I suppose you could say she "wear the pants" in her marriage with Howard, if you wanted to use such a term, but this show never falls into that annoying, wife-as-nag-husband-is-henpecked trope like Everyone Loves Raymond or Home Improvement did.  She is fiercely loyal to her spouse (S06E09 "The Parking Spot Escalation") and to her friends (S07E13 "The Occupation Recalibration").
So how is this sexist?
Amy Farrah Fowler:  she's a fucking neurobiologist!  She's also very well-rounded; she enjoys both Chaucer and playing the harp.  She has her own apartment and her own car, so she clearly knows how to manage her funds.  And don't forget:  when she and Sheldon first began their relationship, she was just as analytical, literal, and standoffish as he is.  Their relationship has changed and evolved, just like Bernadette and Howard's, and Penny and Leonard's -- like all good relationships (and writing) should.
So, again, I'm afraid I don't see how the show is sexist.  Do these three women enjoy comic books?  Not necessarily, no.  Does the show say that NO WOMEN enjoy comic books?  Absolutely not.  In fact, Raj met his (now ex-) girlfriend, Lucy, in the comic book store (S06E16 "The Tangible Affection Proof").  Additionally, in "The Bakersfield Expedition," these women do take the time to explore comic books and actually have very involved discussions/arguments about them.

The long and short of it is, nothing I say here will convince you to watch the show if you've decided not to.  If you have watched it and decided you don't like it, nothing I say will convince you otherwise.  You don't have to like everything, and you and I don't have to like the same things.  But please stop badmouthing the show and saying it's things it's not, especially when the proof is lacking.

And how here is a clip of one of my other favorite episodes, E02E11 "The Bath Item Gift Hypothesis."  Penny's gift proves that she pays attention to what Leonard and Sheldon like because say, for instance, you've never watched an episode of Star Trek in your life (I know it's hard to believe, but such people do exist).  And then you start hearing about it from friends and acquaintances.  And you hear characters' and actors' names (like Captain Kirk, Mr. Spock, Leonard Nimoy, etc.) tossed around.  You would REALLY have to be on your game to put all of that together AND recognize Leonard Nimoy currently, as an elderly man, when out in public.  It's like my friends who talk sports a lot.  I hear the names, I know the team names, but I wouldn't be able to pick any of them out of a line-up.  So what Penny did is actually quite impressive (and Jim Parsons' acting in this scene is just phenomenal).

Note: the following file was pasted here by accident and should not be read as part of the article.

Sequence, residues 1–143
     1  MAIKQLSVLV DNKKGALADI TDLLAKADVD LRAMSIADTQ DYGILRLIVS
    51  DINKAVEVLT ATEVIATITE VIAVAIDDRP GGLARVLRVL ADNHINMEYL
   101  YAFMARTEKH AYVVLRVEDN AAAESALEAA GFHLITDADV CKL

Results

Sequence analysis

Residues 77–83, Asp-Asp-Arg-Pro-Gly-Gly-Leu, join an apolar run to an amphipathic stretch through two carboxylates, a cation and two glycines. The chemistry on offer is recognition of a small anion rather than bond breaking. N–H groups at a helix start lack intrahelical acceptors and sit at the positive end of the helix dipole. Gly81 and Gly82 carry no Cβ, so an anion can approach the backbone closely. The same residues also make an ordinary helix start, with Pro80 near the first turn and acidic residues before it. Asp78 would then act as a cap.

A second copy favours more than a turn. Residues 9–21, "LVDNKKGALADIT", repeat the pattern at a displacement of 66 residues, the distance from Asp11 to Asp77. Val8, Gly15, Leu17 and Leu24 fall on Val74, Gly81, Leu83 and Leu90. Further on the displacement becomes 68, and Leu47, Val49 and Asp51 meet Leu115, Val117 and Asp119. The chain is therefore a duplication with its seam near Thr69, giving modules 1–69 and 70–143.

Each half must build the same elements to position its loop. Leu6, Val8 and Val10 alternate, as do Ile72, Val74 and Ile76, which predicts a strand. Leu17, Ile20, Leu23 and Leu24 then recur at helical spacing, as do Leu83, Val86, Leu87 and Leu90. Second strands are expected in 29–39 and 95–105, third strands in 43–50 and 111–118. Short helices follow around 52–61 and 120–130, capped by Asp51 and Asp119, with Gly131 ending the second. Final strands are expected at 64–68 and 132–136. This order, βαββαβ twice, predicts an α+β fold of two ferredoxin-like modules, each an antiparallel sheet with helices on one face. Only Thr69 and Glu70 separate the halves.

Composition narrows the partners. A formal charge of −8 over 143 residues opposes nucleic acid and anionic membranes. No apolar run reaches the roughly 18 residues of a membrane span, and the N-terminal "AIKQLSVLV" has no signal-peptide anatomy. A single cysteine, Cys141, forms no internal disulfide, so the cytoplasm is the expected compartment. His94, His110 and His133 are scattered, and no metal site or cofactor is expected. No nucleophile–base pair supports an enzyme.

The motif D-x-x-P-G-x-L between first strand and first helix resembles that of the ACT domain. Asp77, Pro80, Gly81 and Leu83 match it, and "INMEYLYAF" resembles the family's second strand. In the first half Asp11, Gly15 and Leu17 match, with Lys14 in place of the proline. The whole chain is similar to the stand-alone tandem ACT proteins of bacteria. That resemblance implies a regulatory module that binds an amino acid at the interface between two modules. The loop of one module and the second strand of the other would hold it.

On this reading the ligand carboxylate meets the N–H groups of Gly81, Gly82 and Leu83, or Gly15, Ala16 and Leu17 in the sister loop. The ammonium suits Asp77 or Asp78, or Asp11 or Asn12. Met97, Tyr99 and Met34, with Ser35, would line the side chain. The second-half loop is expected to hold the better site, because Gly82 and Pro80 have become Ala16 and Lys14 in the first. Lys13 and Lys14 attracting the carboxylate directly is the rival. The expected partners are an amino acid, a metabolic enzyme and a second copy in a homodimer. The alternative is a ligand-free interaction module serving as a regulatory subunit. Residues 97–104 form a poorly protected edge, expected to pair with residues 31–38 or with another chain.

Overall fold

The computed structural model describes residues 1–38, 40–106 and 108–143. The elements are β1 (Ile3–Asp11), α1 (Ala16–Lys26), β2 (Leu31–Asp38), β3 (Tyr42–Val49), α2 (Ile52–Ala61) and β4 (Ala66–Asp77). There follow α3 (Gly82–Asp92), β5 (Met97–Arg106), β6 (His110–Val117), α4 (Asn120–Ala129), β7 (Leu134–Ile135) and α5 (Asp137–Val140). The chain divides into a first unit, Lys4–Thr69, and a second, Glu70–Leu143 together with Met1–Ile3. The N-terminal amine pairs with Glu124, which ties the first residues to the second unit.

Monday, May 5, 2014

Review: Cress

Cress (The Lunar Chronicles, #3)Cress by Marissa Meyer
My rating: 4 of 5 stars

One phrase comes to mind after finishing Cress, the third book in Marissa Meyer's Lunar Chronicles series: "balancing act." While each book is Meyer's take on traditional fairy tales such as Cinderella and Rapunzel, each book also connects those characters in a larger story. By the time we get to Cress, we have Cinderella and her Prince, Little Red Riding Hood and the Wolf, Rapunzel and her Prince, plus their associated collection of stepmothers, witches, and sidekicks. In less skilled hands, that could easily become a tangled mess (pun intended) rather than weaving together multiple storylines for one fast-paced novel.

I did find this one faster paced than Scarlet (hence the higher rating). Unlike Scarlet, it seemed to end on more of a cliffhanger, making me excited to read the next book (Winter), which, sadly, does not come out until 2015.

Like the other novels, Meyer's spin on the Rapunzel tale is clever without trying too hard to be clever. We have
  • a girl with super-long hair
  • who is trapped in a "tower"
  • by a witch
  • rescued by a prince
Meyer is also sure to include two other slightly lesser known aspects of the Rapunzel story; when reading the epigraphs at the beginning of those chapters, I immediately thought, "Oh yeah! That happens!" So bravo to that.

Also, about two-thirds of the way through this book, a couple of other fairy tale items clicked in my head that Meyer has been setting up, but not explicitly stated yet. Specifically, (view spoiler) Well done on that, Meyer! It's not often that I don't see such things coming.

I'm now just sad that I have to wait another year to see how things turn out.